BRISTOL, Tenn. — As the laps wound down, Friday, Kyle Larson set his sights on race leader Chris Ferguson. To catch him, he all but banzai’d his way through the turns. To the point he about hit the Turn 4 wall multiple times.
Alas, Larson ran out of laps and finished runner-up in the Super Late Model A-main of the Karl Kustoms Bristol Dirt Nationals.
Of course, given the tear he went on in the dirt racing world last year, he performed as advertised. Kyle Busch and Chase Elliott, however, faltered in the same race.
With the NASCAR Cup Series’ return to dirt, next Sunday, multiple drivers found ways to prepare for the Food City Dirt Race at Bristol Motor Speedway.
How NASCAR drivers prepare for dirt racing
In just eight days, the NASCAR Cup Series will run a race on dirt for the first time in over 50 years at Bristol Motor Speedway. It headlined the much hyped changes to the 2021 Cup Series schedule, though not to everyone’s delight (I, myself, wasn’t thrilled with the idea).
Regardless, it’s happening, and many drivers found ways to prepare for it.
Running the Bristol Dirt Nationals
Some — like Busch, Austin Dillon, Elliott, Larson, etc. — entered the classes running the Bristol Dirt Nationals.
“I don’t really know what else to do from that front,” Elliott said. “Just go up there and give it a shot. Lean on some help from friends who have been around those cars for a long time and hope I can get going and pick up on it quick. That’s about all I can do.”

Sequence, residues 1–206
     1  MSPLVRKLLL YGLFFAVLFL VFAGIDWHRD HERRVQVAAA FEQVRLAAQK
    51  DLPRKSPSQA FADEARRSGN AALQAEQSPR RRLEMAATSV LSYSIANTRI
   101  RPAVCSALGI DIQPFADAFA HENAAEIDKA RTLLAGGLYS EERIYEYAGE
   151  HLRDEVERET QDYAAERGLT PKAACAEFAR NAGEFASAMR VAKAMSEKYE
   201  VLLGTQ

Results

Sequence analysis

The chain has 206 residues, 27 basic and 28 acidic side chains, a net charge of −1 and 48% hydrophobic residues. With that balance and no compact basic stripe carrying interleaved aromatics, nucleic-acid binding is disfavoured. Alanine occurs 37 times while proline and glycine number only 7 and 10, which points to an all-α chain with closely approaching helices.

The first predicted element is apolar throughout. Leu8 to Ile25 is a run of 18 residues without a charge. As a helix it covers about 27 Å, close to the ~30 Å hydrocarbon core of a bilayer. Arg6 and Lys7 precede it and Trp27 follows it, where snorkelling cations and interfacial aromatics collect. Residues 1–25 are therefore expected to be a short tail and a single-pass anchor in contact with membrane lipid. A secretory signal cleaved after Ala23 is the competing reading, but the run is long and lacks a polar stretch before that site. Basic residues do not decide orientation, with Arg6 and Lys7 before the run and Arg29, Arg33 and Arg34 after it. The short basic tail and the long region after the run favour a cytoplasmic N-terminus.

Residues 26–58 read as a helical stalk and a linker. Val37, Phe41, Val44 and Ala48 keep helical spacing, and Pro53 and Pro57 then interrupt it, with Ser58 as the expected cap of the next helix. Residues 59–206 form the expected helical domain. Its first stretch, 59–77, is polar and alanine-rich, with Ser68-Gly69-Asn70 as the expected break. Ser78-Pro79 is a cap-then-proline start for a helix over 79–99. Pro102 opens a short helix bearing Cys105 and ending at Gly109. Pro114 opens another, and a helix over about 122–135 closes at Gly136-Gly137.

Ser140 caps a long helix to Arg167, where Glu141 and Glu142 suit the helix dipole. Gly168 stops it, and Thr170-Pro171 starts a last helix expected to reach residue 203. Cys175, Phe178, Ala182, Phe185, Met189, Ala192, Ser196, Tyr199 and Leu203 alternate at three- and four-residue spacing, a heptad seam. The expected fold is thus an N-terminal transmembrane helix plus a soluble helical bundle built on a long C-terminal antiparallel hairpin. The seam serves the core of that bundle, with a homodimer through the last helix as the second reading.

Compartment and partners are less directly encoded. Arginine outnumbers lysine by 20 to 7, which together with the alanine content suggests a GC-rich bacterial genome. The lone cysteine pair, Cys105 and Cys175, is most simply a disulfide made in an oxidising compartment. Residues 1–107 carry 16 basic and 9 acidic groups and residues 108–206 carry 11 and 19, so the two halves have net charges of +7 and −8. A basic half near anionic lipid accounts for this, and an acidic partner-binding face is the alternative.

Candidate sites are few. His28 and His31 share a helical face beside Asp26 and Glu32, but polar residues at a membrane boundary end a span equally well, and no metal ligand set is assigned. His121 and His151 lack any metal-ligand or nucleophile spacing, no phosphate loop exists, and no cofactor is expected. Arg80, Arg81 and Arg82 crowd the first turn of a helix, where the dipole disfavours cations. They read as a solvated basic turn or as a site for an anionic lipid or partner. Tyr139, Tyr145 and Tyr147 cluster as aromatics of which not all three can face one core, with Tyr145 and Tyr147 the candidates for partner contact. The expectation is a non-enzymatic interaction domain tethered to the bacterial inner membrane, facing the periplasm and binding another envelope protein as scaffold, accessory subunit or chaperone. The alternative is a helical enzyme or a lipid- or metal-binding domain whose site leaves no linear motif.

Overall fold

It was a mixed bag for each driver, in terms of results.
Larson finished second in the Super Late Model A-main feature. Elliott, however, was caught up in a multi-car wreck with 11 laps to go and finished 17th. Busch, an eight-time Bristol winner in the Cup Series, won his last chance qualifier race to advance to the feature. But race winner Ferguson lapped him and he finished 13th.
Dillon won his 604 Late Model feature to qualify for Saturday’s A-main, which he also won.
Other dirt races
Some drivers, like Martin Truex Jr., will run the Camping World Truck Series dirt race at Bristol to gain dirt experience.
“I feel like all of the other vehicles that race on dirt are so different, (that) we felt like this was the best way to go,” he said.
Others, like Erik Jones, don’t think you can prepare that much, given the nature of Cup cars.
“Our cars aren’t dirt cars,” he said. “They’re not really made to handle dirt. So, you just have to do the best you can. Looking at Eldora, and how those truck races work, it’s about being patient and kind of picking your time to go and the times to make the moves and just being easy with it and try to make the most of it.”
Though that didn’t stop Jones from running micro sprints (mini sprint cars).
On paper, a race like next Sunday’s Food City Dirt Race favors those with extensive dirt racing experience, like Larson.
“Honestly, I think if you look at the field, there’s a small handful of guys that have a lot of dirt experience and are very talented on dirt, but I think for the most part, most of the field is going to be trying to figure it out,” Truex said.
“I think really, the dirt guys are going to have a little bit of an advantage just knowing how the lines move around and kind of what lane to be in, but I think that’s all as far as driving it, that’s going to be totally different for everybody,” Jones said.
In practice, this proved largely true with the Eldora Dirt Derby. Four of the seven races were won by drivers with dirt racing backgrounds.
Whether or not this plays out at Bristol, time will tell.
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